What do you get if you adjust the DJIA for inflation, starting in January 1924? According to several sources, the rate of growth is a paltry 1.64% compounded annually when you take into account the 'official' inflation rate, and it's even worse if you consider the probability that inflation is underreported.
The Real DJIA
This article outlines the basic argument. It provides the basic approach and some conclusions, as well as links to additional resources. The ratios seem almost too simple... but it appears that the relationships exist.
Once, Twice, Three Times a Warning
The Federal Reserve has issued three warnings that the stock market was overvalued relative to historical levels:
In a 3/7/97 article in The Wall Street Journal re. the then recent use in a 12/5/96 speech of the term "irrational exuberance" by Alan Greenspan, chairman of the Federal Reserve Board in Washington, the authors wrote: "Fed chairmen usually don't say much about the stock market. In fact, the only notable earlier Fed warnings date to 1929 and 1965." (The Fed was founded in 1913.)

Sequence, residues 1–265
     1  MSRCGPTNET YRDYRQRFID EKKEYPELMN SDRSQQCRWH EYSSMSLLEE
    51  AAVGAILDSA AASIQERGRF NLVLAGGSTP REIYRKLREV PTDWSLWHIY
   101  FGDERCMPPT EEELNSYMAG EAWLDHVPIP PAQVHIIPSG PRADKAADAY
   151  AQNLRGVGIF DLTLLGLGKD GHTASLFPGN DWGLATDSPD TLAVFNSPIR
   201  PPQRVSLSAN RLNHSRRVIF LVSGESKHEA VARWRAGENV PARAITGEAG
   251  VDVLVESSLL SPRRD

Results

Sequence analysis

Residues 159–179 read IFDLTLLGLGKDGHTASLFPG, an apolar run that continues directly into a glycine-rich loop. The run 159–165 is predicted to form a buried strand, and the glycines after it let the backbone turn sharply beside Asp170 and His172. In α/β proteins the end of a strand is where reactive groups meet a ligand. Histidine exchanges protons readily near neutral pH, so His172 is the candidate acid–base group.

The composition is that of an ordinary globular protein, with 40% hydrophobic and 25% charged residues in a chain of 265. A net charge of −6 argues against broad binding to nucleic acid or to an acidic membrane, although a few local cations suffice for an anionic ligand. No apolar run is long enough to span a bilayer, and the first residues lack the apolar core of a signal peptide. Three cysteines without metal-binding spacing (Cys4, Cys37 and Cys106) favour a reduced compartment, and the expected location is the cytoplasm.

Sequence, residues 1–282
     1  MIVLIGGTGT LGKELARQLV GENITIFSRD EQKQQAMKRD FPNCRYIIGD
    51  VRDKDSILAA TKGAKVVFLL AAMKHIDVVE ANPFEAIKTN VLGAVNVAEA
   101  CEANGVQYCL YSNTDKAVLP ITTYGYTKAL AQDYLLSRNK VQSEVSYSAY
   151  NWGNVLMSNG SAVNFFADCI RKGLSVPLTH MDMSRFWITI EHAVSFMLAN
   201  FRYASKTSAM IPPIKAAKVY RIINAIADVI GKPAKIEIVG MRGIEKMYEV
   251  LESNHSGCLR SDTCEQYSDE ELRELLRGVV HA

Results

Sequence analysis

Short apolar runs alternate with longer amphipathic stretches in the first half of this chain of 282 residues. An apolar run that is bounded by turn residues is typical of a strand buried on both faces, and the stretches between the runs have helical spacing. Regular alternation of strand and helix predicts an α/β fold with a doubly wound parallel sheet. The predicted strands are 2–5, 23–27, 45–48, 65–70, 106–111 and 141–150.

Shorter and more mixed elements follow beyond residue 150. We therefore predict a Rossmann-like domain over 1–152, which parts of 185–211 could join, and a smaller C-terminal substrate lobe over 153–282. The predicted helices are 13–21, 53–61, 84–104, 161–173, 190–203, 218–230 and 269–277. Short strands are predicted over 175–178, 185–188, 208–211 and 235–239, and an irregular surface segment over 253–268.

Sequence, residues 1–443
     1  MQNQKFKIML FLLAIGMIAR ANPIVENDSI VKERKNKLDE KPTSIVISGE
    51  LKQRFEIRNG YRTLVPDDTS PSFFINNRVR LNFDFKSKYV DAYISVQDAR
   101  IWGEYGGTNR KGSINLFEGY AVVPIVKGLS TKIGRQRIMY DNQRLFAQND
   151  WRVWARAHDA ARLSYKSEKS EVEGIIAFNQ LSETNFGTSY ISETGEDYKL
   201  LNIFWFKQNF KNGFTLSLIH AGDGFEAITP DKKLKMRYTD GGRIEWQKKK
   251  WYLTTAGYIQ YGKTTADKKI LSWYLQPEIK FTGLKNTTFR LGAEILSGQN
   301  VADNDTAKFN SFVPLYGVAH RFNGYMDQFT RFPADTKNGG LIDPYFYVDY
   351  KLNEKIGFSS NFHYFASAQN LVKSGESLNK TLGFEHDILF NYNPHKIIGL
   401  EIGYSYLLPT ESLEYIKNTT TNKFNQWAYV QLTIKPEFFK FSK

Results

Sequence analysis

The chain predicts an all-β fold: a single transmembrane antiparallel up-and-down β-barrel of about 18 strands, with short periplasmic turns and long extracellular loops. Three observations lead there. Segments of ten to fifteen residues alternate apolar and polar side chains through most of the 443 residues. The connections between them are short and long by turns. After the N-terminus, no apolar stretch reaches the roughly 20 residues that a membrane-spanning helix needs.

The author points out some interesting facts about the timing of those warnings, in relation to the inflation-adjusted DJIA.
Housing Values At 2X Historical Norms
This interesting chart showing housing values normalized to 1890 values, adjusted for inflation, shows that recent housing values are radically out of line with historical values.
My question: What is the source of all the money (or credit if you prefer) used to purchase all those homes, driving the values far beyond historical levels? If this is not an indication of massive credit inflation, then what is?
Live to Borrow, Borrow to Live
Ours is a debt-based economy. Our monetary system is based on debt; our banking system runs on it. American household saving rates are now in negative territory. Fractional reserve banking and debt-based spending ensure that economic activity runs well ahead of actual wealth. What happens when the credit noose is tightened?